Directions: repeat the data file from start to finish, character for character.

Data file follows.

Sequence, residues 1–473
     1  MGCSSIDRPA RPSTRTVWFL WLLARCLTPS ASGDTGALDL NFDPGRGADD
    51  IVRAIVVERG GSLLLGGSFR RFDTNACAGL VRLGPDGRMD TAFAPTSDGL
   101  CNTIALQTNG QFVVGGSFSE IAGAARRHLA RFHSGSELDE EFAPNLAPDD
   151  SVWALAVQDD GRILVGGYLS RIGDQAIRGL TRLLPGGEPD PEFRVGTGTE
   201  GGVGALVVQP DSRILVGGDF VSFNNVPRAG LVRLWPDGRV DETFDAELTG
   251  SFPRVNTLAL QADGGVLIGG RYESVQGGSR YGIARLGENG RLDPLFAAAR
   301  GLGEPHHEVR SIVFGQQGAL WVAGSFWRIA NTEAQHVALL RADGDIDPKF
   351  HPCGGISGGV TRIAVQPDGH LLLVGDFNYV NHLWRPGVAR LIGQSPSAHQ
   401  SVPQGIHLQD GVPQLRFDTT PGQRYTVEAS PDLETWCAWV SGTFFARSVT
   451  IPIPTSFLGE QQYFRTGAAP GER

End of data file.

Sequence, residues 1–473
     1  MGCSSIDRPA RPSTRTVWFL WLLARCLTPS ASGDTGALDL NFDPGRGADD
    51  IVRAIVVERG GSLLLGGSFR RFDTNACAGL VRLGPDGRMD TAFAPTSDGL
   101  CNTIALQTNG QFVVGGSFSE IAGAARRHLA RFHSGSELDE EFAPNLAPDD
   151  SVWALAVQDD GRILVGGYLS RIGDQAIRGL TRLLPGGEPD PEFRVGTGTE
   201  GGVGALVVQP DSRILVGGDF VSFNNVPRAG LVRLWPDGRV DETFDAELTG
   251  SFPRVNTLAL QADGGVLIGG RYESVQGGSR YGIARLGENG RLDPLFAAAR
   301  GLGEPHHEVR SIVFGQQGAL WVAGSFWRIA NTEAQHVALL RADGDIDPKF
   351  HPCGGISGGV TRIAVQPDGH LLLVGDFNYV NHLWRPGVAR LIGQSPSAHQ
   401  SVPQGIHLQD GVPQLRFDTT PGQRYTVEAS PDLETWCAWV SGTFFARSVT
   451  IPIPTSFLGE QQYFRTGAAP GER